Technology lawyer Addison Cameron-Huff launched his new, Toronto-based, all-crypto legal firm on The New Years, as a statement of his commitment to promoting Bitcoin and cryptocurrency-based businesses.
Cameron-Huff has worked as the lawyer for a Bitcoin core developer, several token-based companies, and dozens of crypto startups. As president of Decentral Inc., he managed a staff of 30 and helped to take the company to 750,000 monthly wallet users.
As the first, all-crypto legal services firm in Canada, Cameron-Huff expects the ongoing uncertainty around Canada’s cryptocurrency regulations to create some business for him, but he is also looking to build a global presence in hopes to help with the massive Bitcoin adoption in the near future.
Cameron believes that all his initial clients won’t be based in Canada. In fact, he believes that most of his early clients will be in Singapore and Malta, which both have less regulated laws around cryptocurrency.
There is an ongoing global talent shortage, and lawyers are a part of that. Although most law is national/sub-national, there are certain corporate-commercial considerations that are cross-border, and legal strategy is international. Many businesses around the world can’t find local legal talent that meets their needs, and this is a strong opportunity for Canada’s blockchain lawyers
Cameron-Huff notes that Canada has a relatively welcoming regulatory and legal environment, especially when compared to the U.S.
The challenges continue to be “non-legal areas like commercial bank accounts (i.e. not being able to have access to the banking system), access to capital (especially post-angel), and competition for talent (crypto companies aren’t the only ones trying to hire smart technologists),” he said.
Canada’s government isn’t necessary new to the cryptocurrency scene as well. The government previously drafted regulations for this space, but have been quietly shelved at least until after the next election (expected in October this year), meaning that any enforcement date gets pushed back well into 2021.
Cameron-Huff, who was involved in the original, confidential regulatory consultation process in 2014, said the industry should be thankful that those efforts were never enacted. He told BitcoinMagazine that he’s not a fan of cryptocurrency-specific, even though he’s heard from quite a few crypto businesses who are keen on regulation.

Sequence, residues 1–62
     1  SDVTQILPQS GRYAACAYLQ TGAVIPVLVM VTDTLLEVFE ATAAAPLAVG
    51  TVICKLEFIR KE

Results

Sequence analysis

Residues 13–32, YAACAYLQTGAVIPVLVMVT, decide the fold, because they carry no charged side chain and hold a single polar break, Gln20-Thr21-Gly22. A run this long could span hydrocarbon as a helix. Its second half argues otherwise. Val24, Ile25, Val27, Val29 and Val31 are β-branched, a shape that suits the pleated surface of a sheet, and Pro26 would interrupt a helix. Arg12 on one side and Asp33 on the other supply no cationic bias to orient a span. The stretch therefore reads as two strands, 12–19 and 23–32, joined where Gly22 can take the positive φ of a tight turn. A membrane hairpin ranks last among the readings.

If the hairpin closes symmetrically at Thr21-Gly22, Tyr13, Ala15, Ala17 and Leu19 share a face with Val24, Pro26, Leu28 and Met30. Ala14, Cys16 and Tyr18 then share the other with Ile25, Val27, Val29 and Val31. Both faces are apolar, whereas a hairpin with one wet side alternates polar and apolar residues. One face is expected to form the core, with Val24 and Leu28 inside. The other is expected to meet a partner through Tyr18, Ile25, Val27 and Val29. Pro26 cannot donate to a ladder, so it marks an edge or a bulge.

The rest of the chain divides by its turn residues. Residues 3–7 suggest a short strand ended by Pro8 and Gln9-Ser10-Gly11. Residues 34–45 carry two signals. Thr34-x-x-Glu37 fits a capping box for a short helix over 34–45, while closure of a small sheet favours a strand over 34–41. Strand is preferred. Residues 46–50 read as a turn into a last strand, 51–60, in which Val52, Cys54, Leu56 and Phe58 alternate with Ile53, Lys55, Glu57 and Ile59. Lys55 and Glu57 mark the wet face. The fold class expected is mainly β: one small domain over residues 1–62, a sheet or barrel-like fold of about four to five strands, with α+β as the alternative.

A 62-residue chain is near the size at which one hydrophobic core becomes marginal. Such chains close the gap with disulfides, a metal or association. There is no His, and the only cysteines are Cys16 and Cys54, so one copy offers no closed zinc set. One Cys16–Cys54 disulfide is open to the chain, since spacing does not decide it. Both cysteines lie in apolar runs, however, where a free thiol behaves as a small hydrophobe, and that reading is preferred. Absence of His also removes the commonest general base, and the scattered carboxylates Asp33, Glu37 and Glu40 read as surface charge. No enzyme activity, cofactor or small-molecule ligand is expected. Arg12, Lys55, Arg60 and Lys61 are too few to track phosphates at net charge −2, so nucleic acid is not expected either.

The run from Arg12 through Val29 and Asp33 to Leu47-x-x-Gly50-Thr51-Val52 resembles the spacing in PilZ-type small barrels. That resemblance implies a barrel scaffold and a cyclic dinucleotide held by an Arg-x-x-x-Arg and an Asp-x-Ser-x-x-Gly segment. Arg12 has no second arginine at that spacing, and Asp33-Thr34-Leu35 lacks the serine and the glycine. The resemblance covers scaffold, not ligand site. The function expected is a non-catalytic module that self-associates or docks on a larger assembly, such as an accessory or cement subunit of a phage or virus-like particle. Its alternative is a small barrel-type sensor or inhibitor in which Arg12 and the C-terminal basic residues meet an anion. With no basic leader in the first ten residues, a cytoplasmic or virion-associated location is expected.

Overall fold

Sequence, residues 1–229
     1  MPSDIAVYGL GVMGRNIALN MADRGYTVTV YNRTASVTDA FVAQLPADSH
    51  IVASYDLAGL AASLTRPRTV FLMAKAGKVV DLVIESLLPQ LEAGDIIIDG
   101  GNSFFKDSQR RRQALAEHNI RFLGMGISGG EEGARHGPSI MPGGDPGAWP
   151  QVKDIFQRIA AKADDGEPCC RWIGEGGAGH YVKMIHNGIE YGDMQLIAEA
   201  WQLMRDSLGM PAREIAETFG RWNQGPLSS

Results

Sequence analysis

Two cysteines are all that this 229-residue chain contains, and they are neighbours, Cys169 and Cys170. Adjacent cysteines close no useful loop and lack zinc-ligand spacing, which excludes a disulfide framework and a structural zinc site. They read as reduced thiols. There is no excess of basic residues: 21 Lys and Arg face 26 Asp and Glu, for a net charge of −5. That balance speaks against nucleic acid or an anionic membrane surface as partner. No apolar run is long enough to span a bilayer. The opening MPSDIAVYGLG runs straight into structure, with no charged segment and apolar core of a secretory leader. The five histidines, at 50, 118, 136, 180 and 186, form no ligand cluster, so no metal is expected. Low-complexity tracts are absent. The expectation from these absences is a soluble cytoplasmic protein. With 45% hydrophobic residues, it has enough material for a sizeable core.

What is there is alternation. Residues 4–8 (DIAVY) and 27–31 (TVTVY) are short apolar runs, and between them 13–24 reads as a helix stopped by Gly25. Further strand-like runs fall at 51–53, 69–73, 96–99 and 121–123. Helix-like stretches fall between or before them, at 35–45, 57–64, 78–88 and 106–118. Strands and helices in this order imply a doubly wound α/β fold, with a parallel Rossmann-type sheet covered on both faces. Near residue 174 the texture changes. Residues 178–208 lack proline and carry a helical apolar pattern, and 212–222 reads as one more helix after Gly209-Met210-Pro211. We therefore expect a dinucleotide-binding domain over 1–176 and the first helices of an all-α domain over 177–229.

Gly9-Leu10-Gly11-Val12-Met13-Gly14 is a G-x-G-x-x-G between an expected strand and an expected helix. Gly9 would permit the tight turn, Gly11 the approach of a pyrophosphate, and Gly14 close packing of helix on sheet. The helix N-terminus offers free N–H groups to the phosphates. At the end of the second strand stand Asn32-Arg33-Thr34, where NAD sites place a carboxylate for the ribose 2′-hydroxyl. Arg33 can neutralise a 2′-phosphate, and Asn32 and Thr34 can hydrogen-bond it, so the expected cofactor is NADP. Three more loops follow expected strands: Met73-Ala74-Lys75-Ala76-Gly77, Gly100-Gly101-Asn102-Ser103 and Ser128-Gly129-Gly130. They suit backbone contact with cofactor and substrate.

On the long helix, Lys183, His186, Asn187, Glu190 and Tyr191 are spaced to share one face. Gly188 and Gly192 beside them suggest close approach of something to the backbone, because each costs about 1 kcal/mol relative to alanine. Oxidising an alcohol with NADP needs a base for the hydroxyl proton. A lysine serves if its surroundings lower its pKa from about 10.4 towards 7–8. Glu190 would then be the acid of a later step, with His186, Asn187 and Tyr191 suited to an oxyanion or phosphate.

“What they don’t understand is that the regulations won’t be written by them or even for them. They assume that any regulations will be supportive of their vision for the industry and the Canadian payments space, but that’s not necessarily the case, and even if it was, it has the potential to freeze existing models in place.”
“The major issue over the last two years has been how to avoid illegal securities. Exchanges have increased their scrutiny of new digital asset listings and the rest of the industry has followed suit. In 2019 will see a continued maturation of the space and an increased focus on regulatory/compliance. It can’t be ignored anymore.”
Cameron-Huff expects to be advising some startups on token sales and he thinks that ICOs are likely here to stay and advises people to not get carried around the prices.
“I expect that 2019’s token sales will be of higher quality than many of the ones from 2017/2018. There’s a growing sophistication in the market and I think the ‘gold rush’ mentality has cooled.”
Yes the law firm will be accepting Bitcoin payments as well. Sort of obvious knowing that they provide legal services in the crypto space, but Cameron did confirm this.
Cameron-Huff said that he is happy to accept bitcoin as payment (as well as fiat) and, in what he sees as another pioneering step forward, he has a fixed-fee payment system for his clients.
As described on his website, a fixed-fee service is designed to ensure a firm has access to legal advice, no matter what the issue and when. Like a membership fee, it ensures access when needed.
Cameron-Huff sees this as more suitable billing model for the more complex needs of blockchain and cryptocurrency startups.
To end this article, we’ll share a last piece of comment that Cameron added:
“There’s a lot of talk online about crypto prices and whether or not 2018 was a bubble, but I’ve only seen a steady increase in the number and quality of Toronto’s blockchain companies. Canadian banks continue to hire blockchain developers. Startups have doubled-down on the value of their products rather than the value of their coins or tokens. I expect 2019 to be a big year for product development. The speculative side holds little interest for me.”